When closing on real estate, you need to avoid trapping yourself into an agreement you struggle to get out of. To do this, you need to include the proper contingency clauses.
Contingency clauses are conditions you place on the purchase. You say you will agree to buy but retain the right to walk away in specific instances.
Purchasing real estate without contingency clauses is a huge risk
Contingency clauses are not obligatory, yet it would be foolish not to take advantage of them. When you agree to buy a property, you expect a few things to happen:
- The seller needs the right to sell the property: Most real estate has a clean title where the ownership is clear. Yet you always need to check. If you find issues when doing a title search, you may still be able to clear them up and proceed to buy.
- You need to know and accept the property’s defects: Professional surveys are necessary when buying real estate. They can turn up problems with the land or the buildings on it. You may be happy to accept these, use them to negotiate a lower price or withdraw from the purchase.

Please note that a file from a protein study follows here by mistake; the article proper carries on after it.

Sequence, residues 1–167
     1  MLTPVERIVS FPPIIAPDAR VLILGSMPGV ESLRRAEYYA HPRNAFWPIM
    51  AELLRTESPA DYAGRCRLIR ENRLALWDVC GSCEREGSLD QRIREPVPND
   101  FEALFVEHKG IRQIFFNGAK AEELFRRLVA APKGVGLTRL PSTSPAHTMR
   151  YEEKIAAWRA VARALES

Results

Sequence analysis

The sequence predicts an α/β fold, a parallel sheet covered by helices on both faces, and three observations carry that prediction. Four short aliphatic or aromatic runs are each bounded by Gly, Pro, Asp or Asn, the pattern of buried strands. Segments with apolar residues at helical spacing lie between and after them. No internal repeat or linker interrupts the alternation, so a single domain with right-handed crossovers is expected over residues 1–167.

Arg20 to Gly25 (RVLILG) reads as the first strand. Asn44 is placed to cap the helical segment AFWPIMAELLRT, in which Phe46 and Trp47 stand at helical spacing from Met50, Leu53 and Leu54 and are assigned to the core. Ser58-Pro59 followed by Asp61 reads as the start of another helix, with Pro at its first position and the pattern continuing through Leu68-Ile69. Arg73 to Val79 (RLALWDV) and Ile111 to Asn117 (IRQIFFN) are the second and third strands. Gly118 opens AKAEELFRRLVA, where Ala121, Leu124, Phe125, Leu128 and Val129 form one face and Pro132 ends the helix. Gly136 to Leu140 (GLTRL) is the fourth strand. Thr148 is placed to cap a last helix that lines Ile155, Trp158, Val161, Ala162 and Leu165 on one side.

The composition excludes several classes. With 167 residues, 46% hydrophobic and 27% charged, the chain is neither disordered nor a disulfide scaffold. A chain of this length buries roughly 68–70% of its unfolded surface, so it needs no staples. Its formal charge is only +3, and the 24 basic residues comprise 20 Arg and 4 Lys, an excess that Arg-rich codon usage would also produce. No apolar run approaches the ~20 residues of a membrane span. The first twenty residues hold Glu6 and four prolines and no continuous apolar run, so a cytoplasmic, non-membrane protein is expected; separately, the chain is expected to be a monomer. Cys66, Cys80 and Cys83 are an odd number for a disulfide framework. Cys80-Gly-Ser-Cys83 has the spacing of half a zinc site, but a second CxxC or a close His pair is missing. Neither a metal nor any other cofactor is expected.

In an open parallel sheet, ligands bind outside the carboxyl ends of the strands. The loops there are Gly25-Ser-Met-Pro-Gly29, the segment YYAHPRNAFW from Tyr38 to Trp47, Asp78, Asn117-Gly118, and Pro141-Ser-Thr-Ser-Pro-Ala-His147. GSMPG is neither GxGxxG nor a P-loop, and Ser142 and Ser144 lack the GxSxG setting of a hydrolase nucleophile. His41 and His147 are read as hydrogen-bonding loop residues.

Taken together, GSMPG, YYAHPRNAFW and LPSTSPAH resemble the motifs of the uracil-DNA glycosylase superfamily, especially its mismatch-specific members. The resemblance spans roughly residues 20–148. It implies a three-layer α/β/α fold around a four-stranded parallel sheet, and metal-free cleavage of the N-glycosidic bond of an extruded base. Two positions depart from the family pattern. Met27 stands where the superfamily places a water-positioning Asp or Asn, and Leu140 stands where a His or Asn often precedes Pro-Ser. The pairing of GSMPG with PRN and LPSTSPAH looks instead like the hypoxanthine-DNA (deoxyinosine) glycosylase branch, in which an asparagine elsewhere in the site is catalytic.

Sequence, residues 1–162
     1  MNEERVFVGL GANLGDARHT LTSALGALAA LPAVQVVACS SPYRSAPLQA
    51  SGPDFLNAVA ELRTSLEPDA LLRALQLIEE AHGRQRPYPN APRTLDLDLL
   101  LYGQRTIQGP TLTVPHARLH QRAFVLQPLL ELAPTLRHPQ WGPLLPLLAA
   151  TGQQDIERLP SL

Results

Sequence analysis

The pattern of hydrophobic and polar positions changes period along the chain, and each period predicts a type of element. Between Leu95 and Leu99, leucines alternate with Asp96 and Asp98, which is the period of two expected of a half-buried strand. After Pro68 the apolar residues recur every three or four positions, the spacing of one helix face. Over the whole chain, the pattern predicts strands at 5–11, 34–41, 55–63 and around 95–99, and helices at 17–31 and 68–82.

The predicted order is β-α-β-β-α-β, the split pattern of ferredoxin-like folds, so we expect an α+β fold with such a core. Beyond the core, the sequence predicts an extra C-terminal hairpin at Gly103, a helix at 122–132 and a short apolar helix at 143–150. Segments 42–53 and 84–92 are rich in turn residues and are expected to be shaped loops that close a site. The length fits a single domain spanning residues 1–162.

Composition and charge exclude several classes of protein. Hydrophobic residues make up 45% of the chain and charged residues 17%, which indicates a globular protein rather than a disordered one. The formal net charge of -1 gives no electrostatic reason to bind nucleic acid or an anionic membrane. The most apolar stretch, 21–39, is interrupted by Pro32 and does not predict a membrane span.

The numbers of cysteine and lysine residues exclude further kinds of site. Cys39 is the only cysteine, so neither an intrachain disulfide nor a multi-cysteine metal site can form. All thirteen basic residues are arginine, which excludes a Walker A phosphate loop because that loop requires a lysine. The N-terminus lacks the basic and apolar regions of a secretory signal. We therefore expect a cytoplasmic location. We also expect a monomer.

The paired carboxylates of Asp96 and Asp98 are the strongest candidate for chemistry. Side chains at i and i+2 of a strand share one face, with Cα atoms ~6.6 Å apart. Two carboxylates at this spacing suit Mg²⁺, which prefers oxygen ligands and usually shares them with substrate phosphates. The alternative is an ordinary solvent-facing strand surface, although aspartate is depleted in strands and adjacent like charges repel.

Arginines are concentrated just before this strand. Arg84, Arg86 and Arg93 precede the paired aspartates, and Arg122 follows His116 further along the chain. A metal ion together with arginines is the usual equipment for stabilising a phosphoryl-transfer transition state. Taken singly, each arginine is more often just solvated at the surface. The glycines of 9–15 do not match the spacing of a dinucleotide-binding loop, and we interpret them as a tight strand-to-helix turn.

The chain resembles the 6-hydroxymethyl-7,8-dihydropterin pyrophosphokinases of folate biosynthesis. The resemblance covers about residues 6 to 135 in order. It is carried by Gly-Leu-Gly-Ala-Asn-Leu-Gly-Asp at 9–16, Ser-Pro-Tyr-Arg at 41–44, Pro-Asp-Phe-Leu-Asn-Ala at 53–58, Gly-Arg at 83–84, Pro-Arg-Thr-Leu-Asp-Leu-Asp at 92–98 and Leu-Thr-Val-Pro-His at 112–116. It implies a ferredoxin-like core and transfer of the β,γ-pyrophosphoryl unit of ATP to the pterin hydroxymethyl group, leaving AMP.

- You need to insure the property: An insurer will want to see the survey results before giving a final decision. If you cannot get insurance, you are unlikely to get a mortgage.
- You need to be able to pay for the property: While your mortgage lender should have given initial approval, they could change their mind. They will need to appraise the piece of real estate and ensure they agree with its valuation, double-check your finances and take other steps before giving funding.
The real estate market is full of traps for the unwary. Unscrupulous sellers rely on unsuspecting victims falling into these traps to shift properties that would otherwise be difficult or impossible to sell. Ensure you have the necessary legal protection in place so that closing on your real estate purchase goes well.